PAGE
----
Reynolds, G.O., Piers, R., Cronin-Golomb, A. (2023).  Cognitive-behavioral treatment for anxiety and depression in Parkinson’s disease: Efficacy and clinical application of the Unified Protocol.  In: Applications of the Unified Protocol in Health Conditions, J. Osma & T.J. Farchione (eds).  New York: Oxford University Press (10-6-23). doi: 10.1093/oso/9780197564295.003.0010

 

Spring/Summer 2023:

Congratulations to doctoral student Courtney Aul, who had a lot to celebrate.  (1) Courtney received a competitive Graduate Internship Fellowship for her work at the non-profit Boston VA Research Institute. (2) She was named a Graduate Student Fellow of BU’s Hariri Institute for Computing and Computational Science & Engineering, a highly competitive award that gives her support for research, seminar development, and networking within and outside BU. (3) She was appointed a Neurophotonics Research Trainee. (4) She received a Grant in Aid of Research from Sigma Xi, the national Scientific Research Honor Society, for her project on visual sustained attention fluctuations in Parkinson’s disease. What a spring for Courtney!

And congratulations to doctoral student Nishaat Mukadam for receiving funding from the BU Women’s Guild and for being named a recipient of the College of Arts and Sciences’ inaugural Inclusion, Diversity, Equity, Access, Leadership (IDEAL) award! Her recommenders noted that “her commitment to DEI is aspirational and has the potential to influence multiple fields of research and clinical care for the better.” Well done, Nishaat!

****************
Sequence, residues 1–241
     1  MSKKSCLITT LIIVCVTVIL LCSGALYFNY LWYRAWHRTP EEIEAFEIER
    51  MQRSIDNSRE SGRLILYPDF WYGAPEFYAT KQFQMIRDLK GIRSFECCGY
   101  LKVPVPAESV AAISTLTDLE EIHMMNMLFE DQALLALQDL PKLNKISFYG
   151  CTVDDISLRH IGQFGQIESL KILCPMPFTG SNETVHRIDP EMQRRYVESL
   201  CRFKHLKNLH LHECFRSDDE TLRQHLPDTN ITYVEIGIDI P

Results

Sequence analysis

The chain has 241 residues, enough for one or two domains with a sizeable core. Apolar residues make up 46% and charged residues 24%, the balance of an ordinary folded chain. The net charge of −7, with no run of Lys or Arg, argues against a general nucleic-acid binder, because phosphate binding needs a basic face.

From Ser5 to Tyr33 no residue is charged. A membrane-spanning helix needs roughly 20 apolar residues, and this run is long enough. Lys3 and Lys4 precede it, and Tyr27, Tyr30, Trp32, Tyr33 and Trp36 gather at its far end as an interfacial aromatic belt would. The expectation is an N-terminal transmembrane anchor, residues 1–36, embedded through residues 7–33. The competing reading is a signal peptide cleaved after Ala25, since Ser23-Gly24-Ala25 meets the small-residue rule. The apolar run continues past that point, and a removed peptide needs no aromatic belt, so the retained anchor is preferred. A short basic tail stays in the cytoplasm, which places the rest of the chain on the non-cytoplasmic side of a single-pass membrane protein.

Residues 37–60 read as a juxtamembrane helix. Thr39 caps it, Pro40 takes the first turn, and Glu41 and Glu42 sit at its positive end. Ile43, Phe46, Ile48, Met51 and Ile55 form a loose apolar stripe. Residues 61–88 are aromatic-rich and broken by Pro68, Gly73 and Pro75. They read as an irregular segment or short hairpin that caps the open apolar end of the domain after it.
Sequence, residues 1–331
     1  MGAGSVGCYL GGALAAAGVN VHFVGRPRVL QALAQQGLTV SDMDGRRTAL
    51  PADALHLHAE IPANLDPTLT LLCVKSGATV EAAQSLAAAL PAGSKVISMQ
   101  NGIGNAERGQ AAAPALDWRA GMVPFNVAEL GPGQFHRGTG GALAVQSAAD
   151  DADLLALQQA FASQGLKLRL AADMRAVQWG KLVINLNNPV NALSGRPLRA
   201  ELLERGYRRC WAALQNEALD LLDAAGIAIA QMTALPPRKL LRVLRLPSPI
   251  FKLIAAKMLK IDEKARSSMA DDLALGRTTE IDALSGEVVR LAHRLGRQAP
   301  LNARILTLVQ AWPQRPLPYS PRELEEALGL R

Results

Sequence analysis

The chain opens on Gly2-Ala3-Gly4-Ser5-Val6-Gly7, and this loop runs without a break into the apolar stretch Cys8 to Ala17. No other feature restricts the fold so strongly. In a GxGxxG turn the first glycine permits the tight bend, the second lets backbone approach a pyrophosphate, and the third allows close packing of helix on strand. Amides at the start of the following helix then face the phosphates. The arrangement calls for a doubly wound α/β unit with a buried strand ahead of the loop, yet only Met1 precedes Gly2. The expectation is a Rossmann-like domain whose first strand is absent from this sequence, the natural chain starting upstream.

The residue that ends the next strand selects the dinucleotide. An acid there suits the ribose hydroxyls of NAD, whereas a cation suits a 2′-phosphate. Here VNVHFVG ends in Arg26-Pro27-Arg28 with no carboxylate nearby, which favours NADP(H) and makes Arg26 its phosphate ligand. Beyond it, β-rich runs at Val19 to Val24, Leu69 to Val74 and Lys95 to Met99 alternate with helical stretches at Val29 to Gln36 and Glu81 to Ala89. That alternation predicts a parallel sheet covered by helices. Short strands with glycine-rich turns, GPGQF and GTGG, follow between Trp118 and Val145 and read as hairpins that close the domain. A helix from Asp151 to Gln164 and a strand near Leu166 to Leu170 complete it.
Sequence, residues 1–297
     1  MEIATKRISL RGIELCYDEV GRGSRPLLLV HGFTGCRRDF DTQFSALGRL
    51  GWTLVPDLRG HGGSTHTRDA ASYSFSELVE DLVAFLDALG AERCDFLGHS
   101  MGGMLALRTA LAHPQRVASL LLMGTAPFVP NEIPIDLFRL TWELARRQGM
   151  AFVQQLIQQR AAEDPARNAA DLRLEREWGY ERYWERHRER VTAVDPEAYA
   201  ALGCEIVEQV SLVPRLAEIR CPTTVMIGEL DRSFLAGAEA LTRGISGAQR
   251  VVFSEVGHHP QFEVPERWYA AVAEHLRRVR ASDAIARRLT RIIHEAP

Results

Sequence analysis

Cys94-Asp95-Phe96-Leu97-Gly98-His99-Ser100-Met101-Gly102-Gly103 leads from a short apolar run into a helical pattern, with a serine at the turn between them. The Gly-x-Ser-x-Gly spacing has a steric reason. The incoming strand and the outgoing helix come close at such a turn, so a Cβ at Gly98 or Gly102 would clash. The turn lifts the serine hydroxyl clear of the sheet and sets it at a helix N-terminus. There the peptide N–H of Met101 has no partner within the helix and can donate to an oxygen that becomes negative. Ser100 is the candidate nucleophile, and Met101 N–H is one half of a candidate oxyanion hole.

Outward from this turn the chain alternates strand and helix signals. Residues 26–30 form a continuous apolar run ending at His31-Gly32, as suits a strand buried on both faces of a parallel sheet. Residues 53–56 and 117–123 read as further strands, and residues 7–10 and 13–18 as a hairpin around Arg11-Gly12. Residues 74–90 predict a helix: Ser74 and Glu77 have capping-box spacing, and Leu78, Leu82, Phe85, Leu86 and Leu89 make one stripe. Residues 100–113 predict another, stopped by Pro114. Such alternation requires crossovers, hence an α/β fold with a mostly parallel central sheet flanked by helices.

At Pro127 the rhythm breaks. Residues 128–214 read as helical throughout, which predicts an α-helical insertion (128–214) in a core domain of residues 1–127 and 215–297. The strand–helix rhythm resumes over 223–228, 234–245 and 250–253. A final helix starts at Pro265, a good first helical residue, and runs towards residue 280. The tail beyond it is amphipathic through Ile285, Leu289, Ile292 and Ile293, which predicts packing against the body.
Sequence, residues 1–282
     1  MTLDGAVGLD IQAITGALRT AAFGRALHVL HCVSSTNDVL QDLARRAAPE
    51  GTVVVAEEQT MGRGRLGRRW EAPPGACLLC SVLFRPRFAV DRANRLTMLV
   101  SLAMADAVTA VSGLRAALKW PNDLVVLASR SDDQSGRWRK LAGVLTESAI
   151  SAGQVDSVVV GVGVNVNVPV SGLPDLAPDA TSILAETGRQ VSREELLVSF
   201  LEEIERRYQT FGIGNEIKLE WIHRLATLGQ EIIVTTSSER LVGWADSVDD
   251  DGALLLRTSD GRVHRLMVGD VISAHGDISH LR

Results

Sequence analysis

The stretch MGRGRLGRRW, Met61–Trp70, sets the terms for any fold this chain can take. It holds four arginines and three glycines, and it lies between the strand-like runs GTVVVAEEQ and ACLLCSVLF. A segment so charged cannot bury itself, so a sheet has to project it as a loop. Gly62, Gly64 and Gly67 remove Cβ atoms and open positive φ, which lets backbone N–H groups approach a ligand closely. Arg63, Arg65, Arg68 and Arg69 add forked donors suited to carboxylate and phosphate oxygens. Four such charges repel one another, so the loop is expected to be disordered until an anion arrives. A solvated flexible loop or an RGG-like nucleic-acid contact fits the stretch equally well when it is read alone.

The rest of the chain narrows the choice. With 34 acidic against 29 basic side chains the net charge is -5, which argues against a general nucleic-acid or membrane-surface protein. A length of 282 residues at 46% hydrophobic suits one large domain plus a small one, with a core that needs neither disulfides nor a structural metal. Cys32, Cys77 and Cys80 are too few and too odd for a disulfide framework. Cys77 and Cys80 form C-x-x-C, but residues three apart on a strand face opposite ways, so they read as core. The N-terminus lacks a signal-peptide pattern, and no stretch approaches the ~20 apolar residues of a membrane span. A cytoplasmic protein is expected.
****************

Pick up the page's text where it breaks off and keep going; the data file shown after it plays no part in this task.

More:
Not to be outdone is doctoral student Shraddha Kinger, who has won the Walter G. McMillen Memorial Award for Parkinson’s Disease Research from APA’s Division 20 (Adult Development and Aging), joining several of our previous lab members (and current member Rini Kaplan) on this illustrious list. Shraddha will use the award to support her studies of the effects of nature exposure (greenspace) on cognition and mood in PD. Shraddha was also the recipient of the best student poster award at this year’s annual scientific session of the Massachusetts Neuropsychological Society. Congratulations, Shraddha!

More congratulations– to undergraduates (and now BU alumnae) Kaitlyn Piotrowski, Defne Yucebas, Hae In Kim, Alissa Sebastian, and Margot Packard on their graduation. As psychology majors, Kaitlyn and Defne won research/scholar awards at commencement. Likewise, we celebrate new BU MA’s Julia Glueck and Rushali Patel. We are grateful to all of you for your service to our lab and look forward to hearing about what you do next!

Finally, well done to doctoral students Jairo Martinez, Averi Giudicessi, and Courtney Aul for submitting National Research Service Award applications to NIH. It is a ton of work and just getting them in is a major accomplishment.

New lab papers: A new paper led by former doctoral student Ryan Piers described using BOSS-PD (Boston University Online Survey of Parkinson’s Disease) to show that higher prevalence of depression in women than men with PD, often reported in in-person studies, did not occur when testing online, possibly by circumventing stigma. Co-authors were former doctoral student Rob Salazar, former undergrad Samia Islam, former lab volunteer Kelly Black, and collaborator Sandy Neargarder. A second new paper featured undergraduate Defne Yucebas with strong mentoring of recent doctoral student Josh Fox-Fuller, and reported on category fluency in relation to brain pathology in autosomal dominant Alzheimer’s disease. Co-authors included doctoral student Celina Pluim, our close collaborator Yakeel Quiroz, and members of Dr. Quiroz’ team at MGH and in Colombia.